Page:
Summary and Info
For both physics and electrical engineering undergraduates alike, the one to two semester courses you take in electronics shall probably be a difficult transition regardless of how well you did in your circuit analysis course. This is largely due to the fact that nobody tells you WHY this subject is important (to produce nonlinear transfer functions & to perform power amplification- neither which can be accomplished with RLC circuits), or bothers to show you sufficient examples so that you can perform designs of your own. This Schaum's outline is an excellent companion to all of those electronics textbooks that are failing miserably. Other reviewers are right- as a practicing engineer you will probably never be called upon to bias a transistor to get a specified gain, or several other of the basic tasks that this outline goes over in detail. However, you won't be able to graduate until you master these techniques. As an example of its usefulness, I got a B in my first semester of electronics years ago, and for years I could not have told you the first thing about what went on in that class. It seemed that the students that really did well were part magician and part TV repairman. I bought this outline to learn what I should have mastered back in 1979, and the book made me understand the circuit design techniques involved plus brought me up-to-date in design and analysis techniques.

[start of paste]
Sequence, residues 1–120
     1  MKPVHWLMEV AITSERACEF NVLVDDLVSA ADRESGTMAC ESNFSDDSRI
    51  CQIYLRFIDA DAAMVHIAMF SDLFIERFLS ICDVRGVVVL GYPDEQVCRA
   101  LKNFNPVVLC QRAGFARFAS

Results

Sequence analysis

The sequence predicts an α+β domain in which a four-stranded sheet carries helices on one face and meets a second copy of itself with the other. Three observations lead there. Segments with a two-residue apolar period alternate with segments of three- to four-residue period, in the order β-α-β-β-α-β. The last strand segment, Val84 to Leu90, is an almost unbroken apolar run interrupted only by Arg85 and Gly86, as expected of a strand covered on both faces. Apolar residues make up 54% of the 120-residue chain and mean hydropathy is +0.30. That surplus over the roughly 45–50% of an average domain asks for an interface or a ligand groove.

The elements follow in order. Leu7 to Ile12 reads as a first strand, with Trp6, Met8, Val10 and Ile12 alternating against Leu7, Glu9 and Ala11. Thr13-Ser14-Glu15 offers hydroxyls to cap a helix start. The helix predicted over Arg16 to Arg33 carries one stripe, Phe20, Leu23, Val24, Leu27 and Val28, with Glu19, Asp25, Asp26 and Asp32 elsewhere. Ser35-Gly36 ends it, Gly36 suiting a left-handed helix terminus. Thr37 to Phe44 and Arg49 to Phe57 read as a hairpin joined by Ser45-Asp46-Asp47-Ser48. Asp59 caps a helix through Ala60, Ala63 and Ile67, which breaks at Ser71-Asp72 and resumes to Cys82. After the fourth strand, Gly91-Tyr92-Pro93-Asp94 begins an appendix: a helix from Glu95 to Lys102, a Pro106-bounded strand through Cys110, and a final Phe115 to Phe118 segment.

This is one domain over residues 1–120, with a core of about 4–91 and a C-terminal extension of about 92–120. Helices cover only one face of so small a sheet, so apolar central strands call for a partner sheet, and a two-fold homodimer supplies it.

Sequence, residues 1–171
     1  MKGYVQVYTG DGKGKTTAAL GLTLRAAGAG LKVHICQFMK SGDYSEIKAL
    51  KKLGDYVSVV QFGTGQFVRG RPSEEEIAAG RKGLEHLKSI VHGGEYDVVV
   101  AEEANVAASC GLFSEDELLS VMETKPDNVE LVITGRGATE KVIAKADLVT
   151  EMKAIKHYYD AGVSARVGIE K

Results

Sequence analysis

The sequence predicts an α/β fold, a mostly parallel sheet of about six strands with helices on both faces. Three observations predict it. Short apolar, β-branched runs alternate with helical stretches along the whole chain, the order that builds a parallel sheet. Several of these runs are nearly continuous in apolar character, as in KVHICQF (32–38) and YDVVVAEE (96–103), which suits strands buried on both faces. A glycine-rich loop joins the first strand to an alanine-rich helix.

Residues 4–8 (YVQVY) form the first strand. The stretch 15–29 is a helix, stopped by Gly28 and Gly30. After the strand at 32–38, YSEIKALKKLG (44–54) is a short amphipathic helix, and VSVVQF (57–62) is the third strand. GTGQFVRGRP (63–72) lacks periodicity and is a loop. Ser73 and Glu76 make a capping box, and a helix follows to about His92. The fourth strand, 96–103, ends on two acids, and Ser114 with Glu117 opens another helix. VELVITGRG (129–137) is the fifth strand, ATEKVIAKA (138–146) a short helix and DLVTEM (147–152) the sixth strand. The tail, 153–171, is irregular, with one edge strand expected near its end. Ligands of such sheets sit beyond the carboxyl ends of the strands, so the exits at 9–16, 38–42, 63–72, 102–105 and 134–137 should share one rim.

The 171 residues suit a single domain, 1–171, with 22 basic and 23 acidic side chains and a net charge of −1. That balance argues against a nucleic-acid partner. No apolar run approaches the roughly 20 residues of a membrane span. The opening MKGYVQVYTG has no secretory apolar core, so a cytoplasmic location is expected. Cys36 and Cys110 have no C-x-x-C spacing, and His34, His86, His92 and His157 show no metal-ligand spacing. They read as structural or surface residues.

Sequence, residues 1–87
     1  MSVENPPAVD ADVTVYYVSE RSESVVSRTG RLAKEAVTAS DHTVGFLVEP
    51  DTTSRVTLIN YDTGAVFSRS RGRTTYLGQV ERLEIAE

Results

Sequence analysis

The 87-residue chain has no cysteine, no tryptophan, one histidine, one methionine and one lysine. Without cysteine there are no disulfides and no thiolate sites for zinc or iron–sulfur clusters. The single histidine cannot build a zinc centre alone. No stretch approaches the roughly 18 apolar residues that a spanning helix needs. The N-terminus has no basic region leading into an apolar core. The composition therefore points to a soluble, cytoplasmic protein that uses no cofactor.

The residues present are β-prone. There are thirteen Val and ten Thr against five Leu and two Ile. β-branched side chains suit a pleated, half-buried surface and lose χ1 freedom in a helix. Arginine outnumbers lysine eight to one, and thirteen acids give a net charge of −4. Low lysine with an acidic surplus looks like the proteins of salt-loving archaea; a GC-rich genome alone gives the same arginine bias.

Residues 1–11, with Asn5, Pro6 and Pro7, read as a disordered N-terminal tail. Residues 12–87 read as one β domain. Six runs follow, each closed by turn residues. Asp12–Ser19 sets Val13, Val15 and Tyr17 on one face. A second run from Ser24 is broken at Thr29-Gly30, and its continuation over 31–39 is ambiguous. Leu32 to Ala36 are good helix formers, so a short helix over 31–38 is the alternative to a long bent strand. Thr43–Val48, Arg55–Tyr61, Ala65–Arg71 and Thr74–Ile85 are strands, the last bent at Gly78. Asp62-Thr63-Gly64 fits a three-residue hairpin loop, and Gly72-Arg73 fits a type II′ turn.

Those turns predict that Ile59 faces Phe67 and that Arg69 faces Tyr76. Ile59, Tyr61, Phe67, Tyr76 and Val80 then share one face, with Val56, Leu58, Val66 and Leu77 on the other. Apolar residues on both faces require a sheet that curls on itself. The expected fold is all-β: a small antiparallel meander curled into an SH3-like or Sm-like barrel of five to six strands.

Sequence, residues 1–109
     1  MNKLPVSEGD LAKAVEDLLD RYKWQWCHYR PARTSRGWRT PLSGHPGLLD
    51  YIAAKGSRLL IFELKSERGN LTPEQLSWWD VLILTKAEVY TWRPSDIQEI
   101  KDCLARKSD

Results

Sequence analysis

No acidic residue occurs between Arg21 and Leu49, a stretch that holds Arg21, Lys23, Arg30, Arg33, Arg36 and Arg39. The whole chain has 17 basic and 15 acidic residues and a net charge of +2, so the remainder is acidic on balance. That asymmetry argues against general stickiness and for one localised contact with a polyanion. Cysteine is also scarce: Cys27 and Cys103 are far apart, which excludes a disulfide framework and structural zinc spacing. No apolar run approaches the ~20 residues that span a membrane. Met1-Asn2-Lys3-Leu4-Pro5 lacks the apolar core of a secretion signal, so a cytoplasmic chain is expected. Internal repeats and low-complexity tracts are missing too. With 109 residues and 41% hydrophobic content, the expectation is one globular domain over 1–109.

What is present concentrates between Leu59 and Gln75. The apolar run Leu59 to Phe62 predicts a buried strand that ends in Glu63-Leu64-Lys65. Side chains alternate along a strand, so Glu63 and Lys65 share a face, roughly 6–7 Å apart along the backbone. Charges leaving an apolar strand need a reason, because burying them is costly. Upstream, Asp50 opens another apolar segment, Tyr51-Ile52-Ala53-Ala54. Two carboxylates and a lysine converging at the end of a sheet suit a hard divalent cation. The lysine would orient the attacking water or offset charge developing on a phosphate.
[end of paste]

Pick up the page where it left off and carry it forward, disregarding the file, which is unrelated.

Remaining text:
The outline does not talk about the semiconductor physics of electronic devices. Instead it concentrates on design techniques for circuits that incorporate the diode, BJT, FET, and operational amplifier, which are crafts you must master. Included in this outline is how to define an electronic circuit in PSPICE and the last chapter incorporates all you have learned throughout the book into the analysis and design of a switched mode power supply. I highly recommend this book as a supplement to undergraduate electronics textbooks.